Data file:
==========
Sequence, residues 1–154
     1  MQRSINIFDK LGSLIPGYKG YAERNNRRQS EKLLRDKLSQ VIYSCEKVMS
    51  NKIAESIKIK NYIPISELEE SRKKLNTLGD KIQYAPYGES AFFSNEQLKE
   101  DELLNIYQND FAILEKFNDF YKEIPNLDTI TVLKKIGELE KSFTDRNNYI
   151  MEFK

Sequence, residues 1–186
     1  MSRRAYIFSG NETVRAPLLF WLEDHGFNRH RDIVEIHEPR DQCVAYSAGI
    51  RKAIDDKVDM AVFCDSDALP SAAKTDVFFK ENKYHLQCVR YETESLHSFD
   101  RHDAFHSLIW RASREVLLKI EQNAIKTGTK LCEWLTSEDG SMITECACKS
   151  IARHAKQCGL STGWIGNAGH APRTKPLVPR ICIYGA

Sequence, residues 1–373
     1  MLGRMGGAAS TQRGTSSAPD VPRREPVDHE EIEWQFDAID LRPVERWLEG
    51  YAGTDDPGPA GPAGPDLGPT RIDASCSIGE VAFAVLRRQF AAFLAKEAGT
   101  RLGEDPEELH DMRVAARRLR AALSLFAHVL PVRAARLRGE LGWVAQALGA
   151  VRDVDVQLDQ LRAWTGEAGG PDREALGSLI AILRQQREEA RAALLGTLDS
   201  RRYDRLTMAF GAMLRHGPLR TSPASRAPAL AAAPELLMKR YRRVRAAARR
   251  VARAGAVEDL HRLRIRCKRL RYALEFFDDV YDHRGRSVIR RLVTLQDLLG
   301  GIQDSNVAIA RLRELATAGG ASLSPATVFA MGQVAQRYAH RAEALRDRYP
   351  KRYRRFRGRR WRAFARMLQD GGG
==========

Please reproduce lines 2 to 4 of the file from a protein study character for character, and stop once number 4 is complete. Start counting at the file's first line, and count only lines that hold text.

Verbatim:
     1  MQRSINIFDK LGSLIPGYKG YAERNNRRQS EKLLRDKLSQ VIYSCEKVMS
    51  NKIAESIKIK NYIPISELEE SRKKLNTLGD KIQYAPYGES AFFSNEQLKE
   101  DELLNIYQND FAILEKFNDF YKEIPNLDTI TVLKKIGELE KSFTDRNNYI